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Polar bear seized from circus in balmy Puerto Rico
US wildlife officers on Wednesday seized a polar bear named Alaska from a Mexican circus accused of keeping the Arctic animal in cramped and overheated quarters in the tropical island of Puerto Rico.
US Fish and Wildlife Service officials and US marshals seized the female bear, named Alaska, from the Hermanos Suarez Circus in the southwest Puerto Rico town of Juana Diaz on an order by US Magistrate Gustavo Gelpi.
The order was based on allegations that the circus illegally imported the bear to Puerto Rico in 2001 with a permit falsely identifying it as another bear named Snowball.
Investigators conducted DNA tests on Alaska's hair and saliva, comparing them with samples from Snowball's relatives, and determined the seized bear was not Snowball. The real Snowball died in May 1994 in a German zoo, wildlife agent Jorge Picon said.
It took about two hours for the officers to sedate and remove the 800-pound (360-kg) bear in a refrigerated truck.
Alaska was to be sent to the Baltimore Zoo in Maryland, where the bear will be quarantined for 30 days and then displayed in a specially built polar bear habitat, wildlife and zoo officials said.
The Mexico-based Hermanos Suarez Circus, which has traveled throughout Puerto Rico for about 18 months, has been under fire for its treatment of its seven polar bears that perform nightly acts, prancing on their hind legs and sliding down a ramp.
Critics have charged that the bears are exposed to the tropical heat in cramped quarters that lack sufficient water.
"Hopefully, this is the beginning of the rescue of the polar bears," said Carla Cappalli, president of the Puerto Rico Animal Protection Federation.
CELEBRITIES GET INVOLVED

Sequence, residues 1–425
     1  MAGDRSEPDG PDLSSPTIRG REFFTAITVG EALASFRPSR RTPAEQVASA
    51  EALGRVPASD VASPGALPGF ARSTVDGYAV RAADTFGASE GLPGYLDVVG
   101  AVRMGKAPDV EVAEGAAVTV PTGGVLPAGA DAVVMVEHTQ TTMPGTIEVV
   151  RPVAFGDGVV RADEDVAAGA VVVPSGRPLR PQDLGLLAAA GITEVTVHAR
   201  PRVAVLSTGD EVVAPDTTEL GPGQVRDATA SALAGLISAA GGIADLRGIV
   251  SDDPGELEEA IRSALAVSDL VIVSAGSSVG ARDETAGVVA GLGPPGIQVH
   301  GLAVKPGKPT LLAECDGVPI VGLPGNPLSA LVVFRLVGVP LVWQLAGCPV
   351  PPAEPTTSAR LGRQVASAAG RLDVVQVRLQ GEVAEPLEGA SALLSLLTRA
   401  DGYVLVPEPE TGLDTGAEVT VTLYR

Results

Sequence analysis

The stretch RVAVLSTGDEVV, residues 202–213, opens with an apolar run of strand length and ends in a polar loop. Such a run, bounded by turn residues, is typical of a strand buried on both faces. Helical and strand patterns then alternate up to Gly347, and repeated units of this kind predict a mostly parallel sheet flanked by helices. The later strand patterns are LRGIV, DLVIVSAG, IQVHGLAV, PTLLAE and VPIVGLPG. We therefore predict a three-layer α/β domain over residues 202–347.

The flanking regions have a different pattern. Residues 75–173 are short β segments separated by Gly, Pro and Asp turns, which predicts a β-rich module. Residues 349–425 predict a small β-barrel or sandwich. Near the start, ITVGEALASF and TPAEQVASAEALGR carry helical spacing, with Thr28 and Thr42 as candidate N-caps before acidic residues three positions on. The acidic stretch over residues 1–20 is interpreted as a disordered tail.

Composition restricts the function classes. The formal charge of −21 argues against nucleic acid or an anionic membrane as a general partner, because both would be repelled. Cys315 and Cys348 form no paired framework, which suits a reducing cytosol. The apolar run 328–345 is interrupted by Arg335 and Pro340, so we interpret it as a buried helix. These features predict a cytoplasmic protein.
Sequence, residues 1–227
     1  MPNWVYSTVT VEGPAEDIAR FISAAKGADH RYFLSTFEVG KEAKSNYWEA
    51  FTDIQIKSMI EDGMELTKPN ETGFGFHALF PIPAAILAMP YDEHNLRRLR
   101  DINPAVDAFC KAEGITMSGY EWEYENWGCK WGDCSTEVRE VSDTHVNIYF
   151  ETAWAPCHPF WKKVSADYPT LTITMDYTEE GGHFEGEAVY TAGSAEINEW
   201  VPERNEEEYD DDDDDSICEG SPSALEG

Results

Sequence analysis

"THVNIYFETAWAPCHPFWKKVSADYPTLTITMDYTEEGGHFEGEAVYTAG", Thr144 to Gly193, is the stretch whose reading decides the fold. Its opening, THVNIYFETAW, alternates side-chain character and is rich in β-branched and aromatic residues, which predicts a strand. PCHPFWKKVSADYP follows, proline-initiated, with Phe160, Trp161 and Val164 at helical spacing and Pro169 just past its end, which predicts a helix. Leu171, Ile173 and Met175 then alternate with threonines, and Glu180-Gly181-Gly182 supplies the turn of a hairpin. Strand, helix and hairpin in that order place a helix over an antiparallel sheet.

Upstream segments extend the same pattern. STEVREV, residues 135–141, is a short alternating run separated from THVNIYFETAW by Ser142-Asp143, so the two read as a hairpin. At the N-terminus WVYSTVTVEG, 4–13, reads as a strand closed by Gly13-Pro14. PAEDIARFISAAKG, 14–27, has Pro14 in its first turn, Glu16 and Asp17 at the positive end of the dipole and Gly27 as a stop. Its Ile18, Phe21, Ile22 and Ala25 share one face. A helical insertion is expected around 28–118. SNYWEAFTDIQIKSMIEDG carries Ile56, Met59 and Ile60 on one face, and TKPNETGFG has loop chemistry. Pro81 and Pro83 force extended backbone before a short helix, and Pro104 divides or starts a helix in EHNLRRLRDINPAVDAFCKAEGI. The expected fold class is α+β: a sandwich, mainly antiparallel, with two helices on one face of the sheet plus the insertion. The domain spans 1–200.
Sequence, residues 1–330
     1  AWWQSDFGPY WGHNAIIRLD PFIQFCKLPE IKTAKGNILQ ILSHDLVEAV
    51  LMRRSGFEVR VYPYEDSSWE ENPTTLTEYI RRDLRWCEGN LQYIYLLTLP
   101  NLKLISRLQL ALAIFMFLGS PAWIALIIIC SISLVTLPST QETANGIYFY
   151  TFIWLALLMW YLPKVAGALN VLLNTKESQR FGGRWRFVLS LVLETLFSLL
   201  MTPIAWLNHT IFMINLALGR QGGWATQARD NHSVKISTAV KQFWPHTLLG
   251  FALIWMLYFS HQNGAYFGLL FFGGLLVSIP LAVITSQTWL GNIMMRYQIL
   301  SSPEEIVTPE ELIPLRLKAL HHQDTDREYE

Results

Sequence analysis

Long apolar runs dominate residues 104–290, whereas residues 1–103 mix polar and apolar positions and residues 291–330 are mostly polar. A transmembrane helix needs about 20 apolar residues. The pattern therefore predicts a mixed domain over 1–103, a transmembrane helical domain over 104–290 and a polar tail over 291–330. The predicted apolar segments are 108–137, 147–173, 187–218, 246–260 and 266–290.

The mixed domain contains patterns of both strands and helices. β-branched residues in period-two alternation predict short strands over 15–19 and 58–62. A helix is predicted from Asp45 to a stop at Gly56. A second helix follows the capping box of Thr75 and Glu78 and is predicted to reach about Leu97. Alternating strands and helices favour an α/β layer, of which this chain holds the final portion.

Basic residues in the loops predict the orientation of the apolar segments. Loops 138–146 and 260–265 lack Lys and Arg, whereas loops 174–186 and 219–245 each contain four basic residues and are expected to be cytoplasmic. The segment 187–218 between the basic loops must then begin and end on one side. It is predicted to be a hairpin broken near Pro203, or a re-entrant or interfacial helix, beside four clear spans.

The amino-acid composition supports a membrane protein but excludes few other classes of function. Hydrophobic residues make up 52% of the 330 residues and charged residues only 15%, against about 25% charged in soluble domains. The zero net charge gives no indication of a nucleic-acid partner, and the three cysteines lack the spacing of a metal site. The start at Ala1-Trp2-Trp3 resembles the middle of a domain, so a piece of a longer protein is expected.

The mistreatment allegations made the bears a cause celebre. British actor Ewan McGregor and Canadian actress Pamela Anderson were among those calling for them to be removed from the circus. Criticism reached a fever pitch last August when the caged bears were videotaped drooling in temperatures above 100 degrees (38 degrees Celsius) during a stop at Ponce.
Based on the videotape and other evidence, Puerto Rico's Department of Natural and Environmental Resources pressed animal-cruelty charges against circus owner Raul Suarez.
But after several delays in the trial, a Ponce judge absolved the owner of the charges on Feb. 28.
Animal rights activists in the US territory accused the judge of prejudice, since it was the third time he had ruled for acquittal in animal-abuse cases. On Monday, Cappalli's group held a news conference where it aired the tape.
Also on Monday, the US Fish and Wildlife Service, through its Miami office, filed a motion to remove Alaska. Suarez said he has papers showing the bear was bought 17 years ago from an Atlanta zoo, adding that he would appeal the seizure order.
The other six bears were still with the circus, and Suarez said the seizure of Alaska would not alter plans for the circus to open in the town of Coamo this weekend.
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